This information represents the views of the doctors and nurses serving on the American Cancer Society’s Cancer Information Database Editorial Board. These views are based on their interpretation of studies published in medical journals, as well as their own professional experience.
The treatment information in this document is not official policy of the Society and is not intended as medical advice to replace the expertise and judgment of your cancer care team. It is intended to help you and your family make informed decisions, together with your doctor.
Your doctor may have reasons for suggesting a treatment plan different from these general treatment options. Don’t hesitate to ask him or her questions about your treatment options.
This section starts with general comments about the types of treatments used for breast cancer. This is followed by a discussion of the typical treatment options based on the stage of the cancer (and a small section on breast cancer treatment during pregnancy).
General types of treatment for breast cancer
The main types of treatment for breast cancer are:
- Radiation therapy
- Hormone therapy
- Targeted therapy
- Bone-directed therapy
- Treatments can be classified into broad groups, based on how they work and when they are used.
Local versus systemic therapy
Local therapy is intended to treat a tumor at the site without affecting the rest of the body. Surgery and radiation therapy are examples of local therapies.
Systemic therapy refers to drugs which can be given by mouth or directly into the bloodstream to reach cancer cells anywhere in the body. Chemotherapy, hormone therapy, and targeted therapy are systemic therapies.
Adjuvant and neoadjuvant therapy
Patients who have no detectable cancer after surgery are often given additional treatment to help keep the cancer from coming back. This is known as adjuvant therapy. Doctors believe that even in the early stages of breast cancer, cancer cells may break away from the primary breast tumor and begin to spread. These cells can’t be felt on a physical exam or seen on x-rays or other imaging tests, and they cause no symptoms. But they can go on to become new tumors in nearby tissues, other organs, and bones. The goal of adjuvant therapy is to kill these hidden cells. Both systemic therapy (like chemotherapy, hormone therapy, and targeted therapy) and radiation can be used as adjuvant therapy.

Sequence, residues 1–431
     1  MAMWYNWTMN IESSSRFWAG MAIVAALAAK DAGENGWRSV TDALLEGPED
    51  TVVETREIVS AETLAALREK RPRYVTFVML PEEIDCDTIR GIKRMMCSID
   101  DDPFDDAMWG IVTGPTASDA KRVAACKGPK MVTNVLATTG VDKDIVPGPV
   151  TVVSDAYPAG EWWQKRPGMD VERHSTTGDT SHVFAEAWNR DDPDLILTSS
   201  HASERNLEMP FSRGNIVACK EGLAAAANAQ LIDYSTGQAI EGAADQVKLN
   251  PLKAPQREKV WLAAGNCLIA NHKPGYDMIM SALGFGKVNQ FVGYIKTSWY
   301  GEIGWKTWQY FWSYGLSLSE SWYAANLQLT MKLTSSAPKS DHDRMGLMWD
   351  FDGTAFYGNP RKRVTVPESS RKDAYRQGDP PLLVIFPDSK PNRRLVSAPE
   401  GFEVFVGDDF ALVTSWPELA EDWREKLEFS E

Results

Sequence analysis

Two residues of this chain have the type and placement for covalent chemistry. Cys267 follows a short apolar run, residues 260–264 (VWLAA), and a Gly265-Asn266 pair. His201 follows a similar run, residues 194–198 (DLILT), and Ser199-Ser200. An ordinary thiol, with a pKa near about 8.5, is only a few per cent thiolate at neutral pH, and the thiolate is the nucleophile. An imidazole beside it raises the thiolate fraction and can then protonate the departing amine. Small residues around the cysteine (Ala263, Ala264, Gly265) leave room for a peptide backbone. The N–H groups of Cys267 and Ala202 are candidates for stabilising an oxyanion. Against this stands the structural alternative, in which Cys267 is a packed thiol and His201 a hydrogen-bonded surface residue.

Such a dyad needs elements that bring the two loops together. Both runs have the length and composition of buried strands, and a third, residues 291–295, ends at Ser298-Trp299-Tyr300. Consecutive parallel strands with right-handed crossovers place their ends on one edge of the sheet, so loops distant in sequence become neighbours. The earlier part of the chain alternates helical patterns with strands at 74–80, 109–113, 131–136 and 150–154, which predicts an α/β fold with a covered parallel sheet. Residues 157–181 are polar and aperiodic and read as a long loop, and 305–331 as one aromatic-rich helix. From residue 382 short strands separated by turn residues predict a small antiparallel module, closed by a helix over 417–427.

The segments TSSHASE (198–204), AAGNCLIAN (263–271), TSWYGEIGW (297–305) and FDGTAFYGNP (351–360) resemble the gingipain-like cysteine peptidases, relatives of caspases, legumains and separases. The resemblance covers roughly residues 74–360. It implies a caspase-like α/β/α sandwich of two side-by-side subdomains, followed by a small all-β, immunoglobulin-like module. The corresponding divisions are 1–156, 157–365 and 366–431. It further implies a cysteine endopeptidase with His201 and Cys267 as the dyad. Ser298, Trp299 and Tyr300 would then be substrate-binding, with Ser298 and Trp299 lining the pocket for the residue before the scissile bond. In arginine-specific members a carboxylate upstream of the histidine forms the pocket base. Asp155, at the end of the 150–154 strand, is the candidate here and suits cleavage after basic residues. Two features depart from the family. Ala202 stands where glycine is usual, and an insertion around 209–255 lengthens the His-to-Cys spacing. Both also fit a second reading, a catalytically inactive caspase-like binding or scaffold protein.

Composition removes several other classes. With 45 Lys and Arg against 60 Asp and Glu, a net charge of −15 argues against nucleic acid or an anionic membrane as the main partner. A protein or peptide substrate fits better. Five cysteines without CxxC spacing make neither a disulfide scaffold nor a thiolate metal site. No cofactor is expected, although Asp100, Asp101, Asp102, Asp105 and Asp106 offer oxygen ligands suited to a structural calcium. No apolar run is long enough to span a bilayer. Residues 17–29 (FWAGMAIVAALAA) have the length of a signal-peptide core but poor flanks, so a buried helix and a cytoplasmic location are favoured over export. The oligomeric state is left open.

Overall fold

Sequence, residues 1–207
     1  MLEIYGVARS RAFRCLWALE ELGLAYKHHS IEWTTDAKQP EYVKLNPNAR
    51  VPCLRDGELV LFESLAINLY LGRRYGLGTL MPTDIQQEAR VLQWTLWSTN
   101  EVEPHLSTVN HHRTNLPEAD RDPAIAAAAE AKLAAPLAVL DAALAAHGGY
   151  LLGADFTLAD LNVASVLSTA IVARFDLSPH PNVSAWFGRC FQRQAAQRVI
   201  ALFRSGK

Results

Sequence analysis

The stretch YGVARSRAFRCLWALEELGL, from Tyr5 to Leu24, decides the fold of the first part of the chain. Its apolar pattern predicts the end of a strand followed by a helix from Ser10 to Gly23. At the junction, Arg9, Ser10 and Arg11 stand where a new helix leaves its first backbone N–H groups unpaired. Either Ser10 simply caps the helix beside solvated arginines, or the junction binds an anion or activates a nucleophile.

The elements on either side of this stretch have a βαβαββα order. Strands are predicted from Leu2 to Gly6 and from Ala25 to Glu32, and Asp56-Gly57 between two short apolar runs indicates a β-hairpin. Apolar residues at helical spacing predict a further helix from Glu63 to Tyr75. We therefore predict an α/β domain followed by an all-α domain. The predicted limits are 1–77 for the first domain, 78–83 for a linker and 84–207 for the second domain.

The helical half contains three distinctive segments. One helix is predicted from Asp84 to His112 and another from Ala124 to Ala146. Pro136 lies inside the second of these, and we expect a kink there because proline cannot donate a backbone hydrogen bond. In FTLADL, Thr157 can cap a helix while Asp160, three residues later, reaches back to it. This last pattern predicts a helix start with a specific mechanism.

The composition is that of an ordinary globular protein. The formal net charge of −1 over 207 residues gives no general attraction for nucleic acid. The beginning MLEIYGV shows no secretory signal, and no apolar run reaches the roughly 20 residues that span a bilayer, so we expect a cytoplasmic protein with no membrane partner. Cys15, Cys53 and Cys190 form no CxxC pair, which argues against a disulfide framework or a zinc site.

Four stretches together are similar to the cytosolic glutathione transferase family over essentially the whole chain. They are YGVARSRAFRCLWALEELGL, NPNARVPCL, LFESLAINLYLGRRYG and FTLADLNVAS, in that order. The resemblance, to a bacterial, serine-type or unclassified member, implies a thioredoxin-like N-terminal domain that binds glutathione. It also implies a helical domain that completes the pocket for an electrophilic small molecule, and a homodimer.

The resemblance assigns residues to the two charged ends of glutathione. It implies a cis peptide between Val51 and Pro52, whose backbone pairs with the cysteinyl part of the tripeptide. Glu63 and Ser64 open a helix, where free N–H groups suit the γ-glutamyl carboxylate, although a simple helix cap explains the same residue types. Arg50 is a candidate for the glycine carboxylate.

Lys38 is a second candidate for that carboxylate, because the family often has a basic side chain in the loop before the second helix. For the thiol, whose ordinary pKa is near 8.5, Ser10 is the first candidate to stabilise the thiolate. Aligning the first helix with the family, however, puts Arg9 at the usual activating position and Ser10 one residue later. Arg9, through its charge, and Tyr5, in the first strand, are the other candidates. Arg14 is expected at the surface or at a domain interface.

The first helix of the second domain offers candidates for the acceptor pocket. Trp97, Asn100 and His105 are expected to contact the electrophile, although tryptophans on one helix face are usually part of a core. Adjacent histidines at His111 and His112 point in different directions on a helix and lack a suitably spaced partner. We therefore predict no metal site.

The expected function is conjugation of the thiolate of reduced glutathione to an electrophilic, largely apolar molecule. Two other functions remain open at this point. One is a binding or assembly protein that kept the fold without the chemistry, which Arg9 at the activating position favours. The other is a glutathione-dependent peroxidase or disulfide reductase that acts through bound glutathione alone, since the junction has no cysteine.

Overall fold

Most, but not all, patients benefit from adjuvant therapy. How much you might benefit depends on the stage and characteristics of the cancer and what type of surgery you had. Generally speaking, if the tumor is larger or the cancer has spread to lymph nodes, it is more likely to have spread through the bloodstream, and you are more likely to see a benefit. But there are other features, some of which have been previously discussed, that may determine if a patient should get adjuvant therapy. Recommendations about adjuvant therapy are discussed in the sections on these treatments and in the section on treatment by stage.
Some patients are given treatment, such as chemotherapy or hormone therapy, before surgery. The goal of this treatment is to shrink the tumor in the hope it will allow a less extensive operation to be done. This is called neoadjuvant therapy. Many patients who get neoadjuvant therapy will not need adjuvant therapy, or will not need as much.